Hondurans call them "Turks" because when they came early in this century their homeland was under Turkish rule and their passports were issued by the Ottoman Empire. But they are from Bethlehem and Beit Jala and Nablus.

In this most prosperous of Honduran cities, a part of the Palestinian diaspora has come to rest. During the past 60 years, its members have taken a predominant role in the city's and much of the country's economic life -- both depended on and resented.

Although Palestinians represent only about 4,000 of the 250,000 people who live in San Pedro Sula, they own the major factories, the biggest newspaper and the Pepsi plant. They seem to own almost every store around Third Avenue, the cluttered commercial main street: El Cairo Jeans, the Jerusalem General Store. They also include more than a third of the business leaders being held hostage by leftist gunmen in the Chamber of Commerce here.

The rebels, who demand release of imprisoned comrades, freed another 20 hostages, The Associated Press said. This left 39 inside as talks continued, officials said.

Some of the most conservative Palestinians -- apparently all are Christian rather than Moslem -- devotedly back the Palestine Liberation Organization. On Sept. 13, a full-page ad in La Prensa, the city's biggest and virulently anticommunist newspaper, offered "a homage to the Palestinian combatants and their leader Yasser Arafat." Over a picture of him, the Honduran Arab-American Federation congratulated the PLO for its stand against "the Israeli leaders and their 120,000 Jewish soldiers who didn't have the courage to confront 16,000 Palestinian commandos."

Most officers of the Arab Federation are hostages now. But its vice president, Victoria Aja, who taught in Palestinian refugee camps until her husband brought her here in 1962, said she knows nothing about the PLO's openly avowed "revolutionary solidarity" with and training of Salvadoran rebels and Nicaraguan Sandinistas, believed by many Hondurans to have masterminded the Chamber of Commerce takeover.

"The PLO are people who are sacrificing their lives and they want to go back to their home," said Aja. "They are not terrorists." She remembers the long fight against Israel firsthand. But older Palestinians, or their parents, came to Honduras to escape repression and wars that wracked their homeland long before the 1948 creation of Israel. Jorge Larach, 69, the owner of La Prensa and reputedly one of the richest men in this poor country, said his parents came by accident.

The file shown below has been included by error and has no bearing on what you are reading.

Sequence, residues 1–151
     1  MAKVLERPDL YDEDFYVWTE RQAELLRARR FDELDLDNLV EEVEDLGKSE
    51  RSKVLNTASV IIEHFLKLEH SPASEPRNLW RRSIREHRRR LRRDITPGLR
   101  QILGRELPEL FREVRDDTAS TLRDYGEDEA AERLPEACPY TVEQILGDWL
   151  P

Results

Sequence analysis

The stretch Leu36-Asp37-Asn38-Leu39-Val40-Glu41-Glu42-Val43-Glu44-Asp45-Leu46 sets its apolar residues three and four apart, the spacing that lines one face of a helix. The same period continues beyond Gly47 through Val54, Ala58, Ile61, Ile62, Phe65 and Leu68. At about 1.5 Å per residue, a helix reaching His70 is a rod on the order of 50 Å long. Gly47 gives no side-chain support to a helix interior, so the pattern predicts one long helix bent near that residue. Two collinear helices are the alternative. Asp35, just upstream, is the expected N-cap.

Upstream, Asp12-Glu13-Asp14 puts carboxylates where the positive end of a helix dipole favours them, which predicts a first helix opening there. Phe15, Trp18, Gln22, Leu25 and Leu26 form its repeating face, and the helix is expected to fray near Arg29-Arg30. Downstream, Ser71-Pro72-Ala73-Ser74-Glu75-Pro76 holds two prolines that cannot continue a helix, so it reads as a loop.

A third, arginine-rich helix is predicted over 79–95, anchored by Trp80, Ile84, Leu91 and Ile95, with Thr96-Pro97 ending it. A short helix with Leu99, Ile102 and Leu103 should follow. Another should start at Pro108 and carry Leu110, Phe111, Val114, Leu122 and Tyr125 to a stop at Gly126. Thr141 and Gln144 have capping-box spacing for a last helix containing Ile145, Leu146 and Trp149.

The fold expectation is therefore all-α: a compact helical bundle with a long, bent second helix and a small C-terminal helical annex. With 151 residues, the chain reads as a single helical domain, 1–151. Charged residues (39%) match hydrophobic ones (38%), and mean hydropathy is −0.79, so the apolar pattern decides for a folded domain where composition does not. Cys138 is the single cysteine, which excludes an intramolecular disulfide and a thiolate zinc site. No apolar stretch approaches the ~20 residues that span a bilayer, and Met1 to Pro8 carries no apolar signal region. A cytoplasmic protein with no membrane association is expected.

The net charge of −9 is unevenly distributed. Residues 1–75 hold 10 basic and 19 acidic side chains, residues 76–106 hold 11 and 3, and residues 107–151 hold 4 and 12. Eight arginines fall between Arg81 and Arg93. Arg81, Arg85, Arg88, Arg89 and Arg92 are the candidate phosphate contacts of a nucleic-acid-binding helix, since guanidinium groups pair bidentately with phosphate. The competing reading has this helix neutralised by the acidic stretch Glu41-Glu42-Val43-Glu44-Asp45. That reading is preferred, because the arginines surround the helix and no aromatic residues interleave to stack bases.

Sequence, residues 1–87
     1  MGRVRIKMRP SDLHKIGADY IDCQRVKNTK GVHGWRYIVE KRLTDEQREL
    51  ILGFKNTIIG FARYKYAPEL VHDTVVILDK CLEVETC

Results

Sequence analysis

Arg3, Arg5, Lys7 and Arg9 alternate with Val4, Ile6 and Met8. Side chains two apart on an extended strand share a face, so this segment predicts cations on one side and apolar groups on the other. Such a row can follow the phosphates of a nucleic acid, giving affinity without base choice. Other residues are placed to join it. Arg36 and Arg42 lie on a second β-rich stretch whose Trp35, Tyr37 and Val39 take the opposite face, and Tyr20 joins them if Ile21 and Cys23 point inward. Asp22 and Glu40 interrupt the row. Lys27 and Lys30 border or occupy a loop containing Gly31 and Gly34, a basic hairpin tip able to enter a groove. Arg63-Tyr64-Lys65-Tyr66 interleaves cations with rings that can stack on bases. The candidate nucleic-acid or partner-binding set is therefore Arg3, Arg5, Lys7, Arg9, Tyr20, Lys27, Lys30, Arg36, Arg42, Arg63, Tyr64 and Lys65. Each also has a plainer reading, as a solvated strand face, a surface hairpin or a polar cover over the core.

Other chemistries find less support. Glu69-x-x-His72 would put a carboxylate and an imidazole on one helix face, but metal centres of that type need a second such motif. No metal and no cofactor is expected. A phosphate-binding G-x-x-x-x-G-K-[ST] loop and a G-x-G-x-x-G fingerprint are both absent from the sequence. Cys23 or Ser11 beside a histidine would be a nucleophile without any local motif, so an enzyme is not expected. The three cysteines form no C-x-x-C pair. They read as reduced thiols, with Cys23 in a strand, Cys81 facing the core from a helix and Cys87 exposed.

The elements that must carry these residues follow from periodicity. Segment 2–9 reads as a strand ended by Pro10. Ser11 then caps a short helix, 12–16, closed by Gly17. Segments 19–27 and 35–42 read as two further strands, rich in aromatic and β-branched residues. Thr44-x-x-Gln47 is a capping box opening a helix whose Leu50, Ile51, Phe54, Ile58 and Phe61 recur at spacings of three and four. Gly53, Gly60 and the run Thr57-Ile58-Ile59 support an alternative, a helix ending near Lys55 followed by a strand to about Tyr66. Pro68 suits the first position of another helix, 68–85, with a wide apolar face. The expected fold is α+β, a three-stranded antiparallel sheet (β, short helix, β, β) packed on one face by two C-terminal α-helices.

Illiterate and desperately poor as they escaped the grim Ottoman rule, "they made, I'm sorry to say, a big mistake," Larach said as he sat in the office of his department store. "They thought this America where they came was the United States."

The first Palestinians arrived here in the days just before World War I. Some started as itinerant peddlers and went on to become millionaires. Others have reached only a moderate prosperity as proprietors of mom-and-pop "bazaars" selling dry goods.

The big American banana companies, Standard and United Fruit, weaned many Hondurans away from peasant dependence on subsistence farming and created a relatively prosperous wage-earning economy here ideal for Palestinian merchants.

For two generations, their society remained insular and defensive. They married among themselves or returned to British Palestine after World War I, then to Israel, Jordan and the West Bank, to find their spouses, as Aja's husband found her.

"I spoke no Spanish and he spoke no Arabic, so we courted in English," she recalls.

Until the current Honduran administration, whose government minister is half Palestinian, the Arabs might have influenced Honduran governments with their money, but they never participated openly.

"There is a dislike for the Palestinians and I don't know why," said Larach. "I think it comes from envy. They see you come with nothing and you work . . and get rich and they don't like it."

According to Honduran bank officials there is evidence that some of the Palestinians are getting ready to move again, sending money to Miami. Their life is beginning to disintegrate in this region's turmoil. They escaped the terror of the Turks and the wars with Israel to find now more than a dozen of their leaders taken hostage.